This might be a stupid question, but I notice that in a good number of APIs, a lot of method signatures that take integer parameters that aren't intended to be modified look like:

void method(int x);

rather than:

void method(const int &x);

To me, it looks like both of these would function exactly the same. (EDIT: apparently not in some cases, see answer by R Samuel Klatchko) In the former, the value is copied and thus can't change the original. In the latter, a constant reference is passed, so the original can't be changed.

What I want to know is why one over the other - is it because the performance is basically the same or even better with the former? e.g. passing a 16-bit value or 32-bit value rather than a 32-bit or 64-bit address? This was the only logical reason I could think of, I just want to know if this is correct, and if not, why and when one should prefer int x over const int &x and vice versa.

  • 6
    All great answers, thank you everyone. So as a general rule, you'll pass copies to primitive types like byte/int/bool and use pointers and references for everything else (classes/structs)? @Jen I will accept your answer since yours was first. Commented Jun 9, 2010 at 20:23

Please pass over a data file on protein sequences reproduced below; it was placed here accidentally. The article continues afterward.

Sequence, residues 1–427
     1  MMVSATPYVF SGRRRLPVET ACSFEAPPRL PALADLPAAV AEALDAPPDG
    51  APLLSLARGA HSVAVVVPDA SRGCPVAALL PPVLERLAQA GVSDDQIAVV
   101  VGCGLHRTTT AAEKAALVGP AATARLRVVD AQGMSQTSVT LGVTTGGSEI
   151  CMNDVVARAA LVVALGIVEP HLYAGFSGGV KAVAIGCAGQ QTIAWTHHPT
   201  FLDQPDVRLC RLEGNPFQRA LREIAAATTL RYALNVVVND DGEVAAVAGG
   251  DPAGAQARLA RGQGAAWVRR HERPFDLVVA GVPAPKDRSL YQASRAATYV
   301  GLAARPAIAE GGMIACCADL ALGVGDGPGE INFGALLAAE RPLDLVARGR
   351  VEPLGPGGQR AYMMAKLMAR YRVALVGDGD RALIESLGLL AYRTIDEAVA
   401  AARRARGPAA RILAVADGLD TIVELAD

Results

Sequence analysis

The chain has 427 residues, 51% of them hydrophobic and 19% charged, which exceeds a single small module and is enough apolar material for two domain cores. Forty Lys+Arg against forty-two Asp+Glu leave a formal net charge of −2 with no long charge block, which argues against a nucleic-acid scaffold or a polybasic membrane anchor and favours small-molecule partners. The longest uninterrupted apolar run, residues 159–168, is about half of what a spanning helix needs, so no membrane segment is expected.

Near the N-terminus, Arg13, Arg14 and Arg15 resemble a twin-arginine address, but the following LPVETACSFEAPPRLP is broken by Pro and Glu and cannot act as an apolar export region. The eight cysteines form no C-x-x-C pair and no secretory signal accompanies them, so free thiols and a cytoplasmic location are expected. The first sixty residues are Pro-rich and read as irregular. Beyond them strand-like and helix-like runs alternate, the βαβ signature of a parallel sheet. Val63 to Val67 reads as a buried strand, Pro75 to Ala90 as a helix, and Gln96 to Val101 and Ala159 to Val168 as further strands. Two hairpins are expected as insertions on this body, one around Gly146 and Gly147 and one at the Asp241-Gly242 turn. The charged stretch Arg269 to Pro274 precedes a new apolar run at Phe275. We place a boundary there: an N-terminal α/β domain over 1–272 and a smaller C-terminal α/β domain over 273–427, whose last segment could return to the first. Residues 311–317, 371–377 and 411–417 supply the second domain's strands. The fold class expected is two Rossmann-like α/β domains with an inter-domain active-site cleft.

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    Yes, that's the general rule unless there's a good reason to diverge from it. For example, if the first thing you are going to do with a non-primitive parameter is make a local copy so that you can modify it without affecting the call site, then you might as well take the parameter by value. Commented Jun 9, 2010 at 20:50

5 Answers 5


It's not just the cost of passing a pointer (that's essentially what a reference is), but also the de-referencing in the called method's body to retrieve the underlying value.

That's why passing an int by value will be virtually guaranteed to be faster (Also, the compiler can optimize and simply pass the int via processor registers, eliminating the need to push it onto the stack).


To me, it looks like both of these would function exactly the same.

It depends on exactly what the reference is to. Here is an admittedly made up example that would change based on whether you pass a reference or a value:

static int global_value = 0;

int doit(int x)
    return x + 1;

int main()
    return doit(global_value);

This code will behave differently depending on whether you have int doit(int) or int doit(const int &)

  • Tricky... I never would have thought of a case like this, thanks for posting it. Commented Jun 9, 2010 at 20:51
  • There's also the risk that the function might keep a non-const reference to the value, rather than a copy. Commented Jun 9, 2010 at 21:57

Integers are usually the size of the processor's native word and can pass easily into a registers. From this perspective, there is no difference between passing by value or passing by constant reference.

When in doubt, print the assembly language listing for your functions to find out how the compiler is passing the argument. Print out for both pass by value and pass by constant reference.